Another comment: Somebody told Joel to go get his series 6, 7 and life license so that he would be qualified to talk on the subject - I wanted to thank that person for making me laugh, it truly made my day to know that somebody out there believes that getting a series 6 or 7 license makes one competent or knowledgeable about the subject at hand....it was hilarious. I've taken all the exams and they are a waste, they don't qualify you for anything, they don't teach anything about expenses and their effects, modern portfolio theory, diversification, how to choose a money manager (if you must), or anything about personal financial planning. They teach you the rules and regs about how the products you sell, nothing more. I got an 89% on the Series 7 and ended up knowing a lot of stock and bond stuff - big deal. I now have my CFP and as good as that is it still isn't good enough. I almost have my Masters in Financial Planning and that is good knowledge as well........but the fact is I learned a lot more by reading Bernstein, Siegel, Swedroe, Bogle, Arnott, Ellis, & the other Bernstein (Peter) than any of the other stuff.

 

Thanks to whomever made me laugh, I really needed it!

 

 

ScottyD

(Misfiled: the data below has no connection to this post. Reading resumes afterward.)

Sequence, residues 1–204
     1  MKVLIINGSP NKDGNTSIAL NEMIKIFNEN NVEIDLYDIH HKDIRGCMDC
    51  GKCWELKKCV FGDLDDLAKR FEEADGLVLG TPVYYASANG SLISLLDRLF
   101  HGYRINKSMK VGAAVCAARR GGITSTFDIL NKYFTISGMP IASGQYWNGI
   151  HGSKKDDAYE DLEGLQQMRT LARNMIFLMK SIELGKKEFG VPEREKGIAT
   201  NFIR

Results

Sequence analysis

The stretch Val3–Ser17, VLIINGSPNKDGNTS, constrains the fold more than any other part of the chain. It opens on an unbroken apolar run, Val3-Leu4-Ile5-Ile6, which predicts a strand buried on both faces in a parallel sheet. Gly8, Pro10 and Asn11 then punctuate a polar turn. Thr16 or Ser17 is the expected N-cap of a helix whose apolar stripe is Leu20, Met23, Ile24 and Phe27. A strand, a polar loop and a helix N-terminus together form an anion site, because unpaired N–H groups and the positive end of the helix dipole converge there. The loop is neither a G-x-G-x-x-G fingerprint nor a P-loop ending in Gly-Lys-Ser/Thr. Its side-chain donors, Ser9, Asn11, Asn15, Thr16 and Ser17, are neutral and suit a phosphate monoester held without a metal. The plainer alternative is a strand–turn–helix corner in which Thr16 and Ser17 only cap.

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Guest TR1982
All,

 

Fixed accounts do not usually have M & E charges, though that doesn't mean that some fixed accounts in the past didn't charge M & E, but it would be very difficult to find one now. The fixed account is simply the current return being offered for some stated time period (or some variation depending on the firm). Occasionally a fixed account can be a good place to hide if the variable portion is expensive and the fixed has a decent rate of return (rare, but worth a look).

 

 

ScottyD

This is my point about Sierra. You essentially make my point that fixed accounts don't have M&E. He speaks authoritatively on this subject and yet he is WRONG. He is wrong because he is not trained and educated in these products. He is free to say whatever he wants but that doesn't make it accurate.